Psalm 146

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Psalm 146 ESV
1 Praise the Lord! Praise the Lord, O my soul! 2 I will praise the Lord as long as I live; I will sing praises to my God while I have my being. 3 Put not your trust in princes, in a son of man, in whom there is no salvation. 4 When his breath departs, he returns to the earth; on that very day his plans perish. 5 Blessed is he whose help is the God of Jacob, whose hope is in the Lord his God, 6 who made heaven and earth, the sea, and all that is in them, who keeps faith forever; 7 who executes justice for the oppressed, who gives food to the hungry. The Lord sets the prisoners free; 8 the Lord opens the eyes of the blind. The Lord lifts up those who are bowed down; the Lord loves the righteous. 9 The Lord watches over the sojourners; he upholds the widow and the fatherless, but the way of the wicked he brings to ruin. 10 The Lord will reign forever, your God, O Zion, to all generations. Praise the Lord!

Hallelujah! Praise Ye the Lord!

These are the lyrics of a fun children's song many have sung as a kid. To sing the song, people are divided into two groups, those that sing "Hallelujah!" and those that sing "Praise Ye the Lord!" While it was an enjoyable song, the meaning of the lyrics could be lost in the fun. And popular music uses the term "Hallelujah" in a foreign context. Bruno Mars sings in the song "Uptown Funk", "Girls hit your hallelujah (woo)!" Unfortunately, Hallelujah is a term that is used to describe something that is simply great, extraordinary, or exciting. But that is not the biblical meaning of the term. The word has two parts "praise Yah" The hallel is a liturgical call to give audible praise. The praise is directed to Yah (a shortened variant of the sacred name of God YHWH). Psalm 146 is another hallel psalm like Psalm 136. Today as we consider our own Hallelujah, we will see how we are to direct it to Jesus Christ, who is worthy of praise as the eternal God, Creator, and King.

Praise the Lord in this life

The song begins with a call to praise the Lord, give a hallelujah! The call belongs to the community of believers. We bear the responsibility to give loud and audible adoration. One voice makes a limited rand of sound, but many voices multiply it. It is appropriate to have both ranges of volume in a church gathering. Low volume is appropriate at times, but so are times of great sound. When we gather in the name of Jesus, let it be clear that we are praising God.
The psalm writer gives the command to others but quickly sets himself to give a hallelujah. He must respond for himself. He may be the leader in the call to others, but he is responsible for his response. At the same time, He gives praise. He recognizes that earthly life is limited. Life is short, and our abilities decrease as we get toward the end of life. We should not wait until "we get older" to be serious about giving God glory. We can do that right now regardless of our age.
How do you fulfill this command to give God praise? Do you find it a challenge to sing, to pray, to express with a word a heart of gratitude and glory to God ? It is not very difficult to respond in praise if you truly know who God is and what He has done. Could your lack of praise be connected to your lack of understanding of what God has done through Jesus? Luke 7:41-43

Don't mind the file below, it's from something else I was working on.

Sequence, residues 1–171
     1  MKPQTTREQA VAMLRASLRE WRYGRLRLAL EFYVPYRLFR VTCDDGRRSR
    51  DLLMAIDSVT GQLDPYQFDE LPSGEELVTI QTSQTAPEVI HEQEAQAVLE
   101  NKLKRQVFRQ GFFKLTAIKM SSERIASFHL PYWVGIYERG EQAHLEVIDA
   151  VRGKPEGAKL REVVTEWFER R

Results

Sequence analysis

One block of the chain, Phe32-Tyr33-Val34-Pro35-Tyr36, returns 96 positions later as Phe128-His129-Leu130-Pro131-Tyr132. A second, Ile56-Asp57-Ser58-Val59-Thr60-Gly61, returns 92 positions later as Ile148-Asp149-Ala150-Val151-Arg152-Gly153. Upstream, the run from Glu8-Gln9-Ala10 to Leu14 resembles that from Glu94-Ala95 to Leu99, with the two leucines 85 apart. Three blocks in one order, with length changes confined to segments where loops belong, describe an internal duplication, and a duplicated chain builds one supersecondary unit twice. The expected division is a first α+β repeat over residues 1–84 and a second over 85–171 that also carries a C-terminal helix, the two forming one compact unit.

Luke 7:41–43 ESV
41 “A certain moneylender had two debtors. One owed five hundred denarii, and the other fifty. 42 When they could not pay, he cancelled the debt of both. Now which of them will love him more?” 43 Simon answered, “The one, I suppose, for whom he cancelled the larger debt.” And he said to him, “You have judged rightly.”

Limit your trust in human leaders

The psalm moves to remind God’s people to avoid placing trust in human leaders. Whether it be the ancient kings and rulers all the way to modern politicians and administration, we would do well to limit our trust in human leaders. Whether it be the ancient kings and rulers or modern politicians and administration, we would do well to limit our trust in them to bring the solutions our society needs. This is by no means a rejection of government or the need for law and order, but it is a sober reminder of our "weakness" and "sinful tendencies" as a fallen people.
In America, every election cycle is a chance to offer another option to the current leadership. In some ways, it potentially keeps things in check by passing power back and forth between opposing views. But let's be realistic, political parties and political people can not bring the solution that every soul needs, to be made right with God. Only Jesus Christ solves that problem.
And so, it would seem that the Christian Church has the upper hand in developing good leaders because we know the truth. Unfortunately, leadership in the church is far from being infallible. Recent scandals in the news have shattered the confidence in Christian leadership. We should be concerned that our leadership is rightly submitted to the Holy Spirit and the Holy Scriptures. But their failure is no reason to abandon our faith; rather, it should remind us that our faith is in the Only One who will never fail us, the Righteous One, Jesus Christ. It further verifies that all other ground is "sinking sand". Failed people, failed communities, and failed leaders need the one in who salvation exists. Every leader will pass from this earth, but Jesus Christ is the resurrected Lord. Trust no one but Jesus.

Recognize God as Creator

The psalm directs our attention to a beatitude, a blessing, "happy is..." concerning the person who relies on the God of Jacob. This description of God was essential to Israel, for it identified God's consistent and enduring "chesed" steadfast love. It is a way to remind the people that God was faithful in the past and will be faithful in the future. His past performance is a guarantee of future actions.